32. 32. Common Myths About Entrepreneurs • Myth 6: Entrepreneurs Are Doers, Not Thinkers • Although it is true entrepreneurs tend toward action, they are also thinkers. Indeed, they are often very methodical people who plan their moves carefully. • The emphasis today on the creation of clear and complete business plans is an indication that "thinking" entrepreneurs are as important as "doing" entrepreneurs. 32
  33. 33. List of the Richest School Drop Out Billionaires and Successful Entrepreneurs • Henry Ford (Ford)- Net Worth $199 Billion – Dropped out at 16. • Bill Gates (Microsoft)- Net Worth $78.8 Billion – Dropped out at 19. Gates attended Harvard in the fall of 1973, only to drop out two years later to found Microsoft with childhood buddy Paul Allen. In 2007, he ended up receiving an honorary degree from Harvard. • Steve Jobs (Apple) Net Worth $8.3 Billion – Dropped out at 21. Jobs dropped out of college after one semester of Reed College to start Apple. • Mark Zuckerberg: The youngest billionaire in the world, dropped out of Harvard to promote his social networking platform ($33.1 billion). 33
  34. 34. Common Myths About Entrepreneurs • Myth : Entrepreneurs Are Academic and Social Misfits • The belief that entrepreneurs are academically and socially ineffective is a result of some business owners having started successful enterprises after dropping out of school or quitting a job. • Today the entrepreneur is considered a hero—socially, economically, and academically. No longer a misfit, the entrepreneur is now viewed as a professional. 34
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  36. 36. Entrepreneurial Decision Process Deciding to become an entrepreneur by leaving present Activity…….!  Indeed, millions of ventures are formed despite recession, inflation, high interest rates, lack of infrastructure, economic uncertainty, and the high probability of failure.  Many entrepreneurs follow the entrepreneurial decision process, which entails a movement from something to something—a movement from a present lifestyle to forming a new enterprise, as indicated in previous slide 36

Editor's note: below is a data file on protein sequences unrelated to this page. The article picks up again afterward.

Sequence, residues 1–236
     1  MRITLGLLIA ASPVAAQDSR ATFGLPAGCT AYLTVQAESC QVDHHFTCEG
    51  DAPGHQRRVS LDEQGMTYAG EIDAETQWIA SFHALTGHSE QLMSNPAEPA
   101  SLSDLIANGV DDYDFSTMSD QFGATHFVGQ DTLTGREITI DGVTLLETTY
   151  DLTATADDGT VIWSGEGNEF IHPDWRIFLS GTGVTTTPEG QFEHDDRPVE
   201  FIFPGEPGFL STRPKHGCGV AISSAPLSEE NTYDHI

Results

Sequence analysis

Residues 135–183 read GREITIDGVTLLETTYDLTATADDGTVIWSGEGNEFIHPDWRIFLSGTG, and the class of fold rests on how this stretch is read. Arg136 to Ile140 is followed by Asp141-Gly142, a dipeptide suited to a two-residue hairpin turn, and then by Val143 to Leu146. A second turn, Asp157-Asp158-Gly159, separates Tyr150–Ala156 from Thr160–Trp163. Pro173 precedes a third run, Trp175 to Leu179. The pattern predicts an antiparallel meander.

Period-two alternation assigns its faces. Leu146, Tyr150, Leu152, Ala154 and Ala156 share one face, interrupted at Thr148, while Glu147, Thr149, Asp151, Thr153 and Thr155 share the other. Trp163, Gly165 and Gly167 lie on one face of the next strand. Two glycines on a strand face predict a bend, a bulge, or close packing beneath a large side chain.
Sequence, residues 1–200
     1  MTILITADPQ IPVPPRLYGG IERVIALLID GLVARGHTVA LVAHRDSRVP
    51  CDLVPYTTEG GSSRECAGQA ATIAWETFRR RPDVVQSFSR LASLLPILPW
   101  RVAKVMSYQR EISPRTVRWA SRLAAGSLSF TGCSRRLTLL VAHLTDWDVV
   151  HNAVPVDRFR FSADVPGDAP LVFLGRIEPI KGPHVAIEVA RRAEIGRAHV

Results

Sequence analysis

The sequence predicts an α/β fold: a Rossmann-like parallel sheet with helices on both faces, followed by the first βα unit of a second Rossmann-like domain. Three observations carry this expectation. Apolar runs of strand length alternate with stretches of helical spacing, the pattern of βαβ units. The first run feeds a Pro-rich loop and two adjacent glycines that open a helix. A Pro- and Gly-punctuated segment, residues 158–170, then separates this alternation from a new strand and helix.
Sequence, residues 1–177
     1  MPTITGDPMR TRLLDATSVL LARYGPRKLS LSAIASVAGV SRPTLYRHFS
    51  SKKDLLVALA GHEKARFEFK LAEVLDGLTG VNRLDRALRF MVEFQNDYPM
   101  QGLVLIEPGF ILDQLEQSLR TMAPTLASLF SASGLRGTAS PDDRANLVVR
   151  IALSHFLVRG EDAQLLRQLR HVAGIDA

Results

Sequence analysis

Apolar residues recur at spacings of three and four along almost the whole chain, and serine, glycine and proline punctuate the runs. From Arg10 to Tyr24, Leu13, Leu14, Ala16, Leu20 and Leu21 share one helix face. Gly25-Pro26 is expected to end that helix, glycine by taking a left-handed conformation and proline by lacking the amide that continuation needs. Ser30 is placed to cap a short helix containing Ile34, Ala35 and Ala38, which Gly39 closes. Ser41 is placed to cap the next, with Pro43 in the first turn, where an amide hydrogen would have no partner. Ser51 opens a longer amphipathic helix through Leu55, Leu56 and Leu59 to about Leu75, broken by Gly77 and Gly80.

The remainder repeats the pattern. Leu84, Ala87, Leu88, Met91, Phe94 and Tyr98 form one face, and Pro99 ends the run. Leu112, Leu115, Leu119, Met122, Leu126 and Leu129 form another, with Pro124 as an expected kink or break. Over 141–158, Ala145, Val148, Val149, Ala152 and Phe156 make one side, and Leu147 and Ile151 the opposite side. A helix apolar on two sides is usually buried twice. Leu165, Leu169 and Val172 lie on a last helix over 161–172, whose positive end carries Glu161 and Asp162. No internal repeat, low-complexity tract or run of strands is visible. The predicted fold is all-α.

37. 37. Change from Present Lifestyle • The decision to leave a career or lifestyle is not an easy one. Work Environment: individuals tend to start businesses in areas that are familiar. • R&D and Marketing A negative force—disruption: Retirement, relocation, frustration, no growth opportunity, unemployment etc. For example, a student who is not promoted after receiving an MBA degree may become frustrated and decide to leave and start a new company. 37
  38. 38. •Desirability of new venture formation:  Aspects of a situation that make it desirable to start a new company The perception that starting a new company is desirable results from an individual’s culture, subculture, family, peers and teachers. 38
  39. 39. • Possibility of new venture formation: Factors making it possible to create a new venture. Several factors contribute to the creation of a new venture. 1. The Government 2. Formal education 3. Previous business experience 4. Marketing know how 5. A role model 6. Financial resources 39
  40. 40. Types of Start-Up Firms The vast majority of small business fit into this category.  Salary – substitute firms offer ordinary, easily available products or services to customers that are not particularly innovate. Typically, they offer common products—retail merchandise, for example, or a service like accounting or hairstyling. Most small businesses are of this type Cottage industry: A job or occupation carried out at home or on a part-time basis. 40
  41. 41. These firms are not innovative, nor do they grow quickly. Commonly, lifestyle companies promote a particular sport, hobby, or pastime and may employ only the owner or just handful people. Examples: 41
  42. 42. Gazelle Company- An extremely fast-growing company, which maintains consistent expansion of both employment and turnover over a prolonged period (for at least 4years) by at least 20% annually. Also, gazelle companies usually are known for creating many new job opportunities. Examples: 42
  43. 43. Role of entrepreneurship in Economic Development • It involves initiating and constituting change in the structure of business and society (i-e innovation). Innovation Developing new stimulating investment products (& services) interest in the new venture for the market Expanding the capacity Utilizing new capacity for growth and output (supply side) (demand side) 43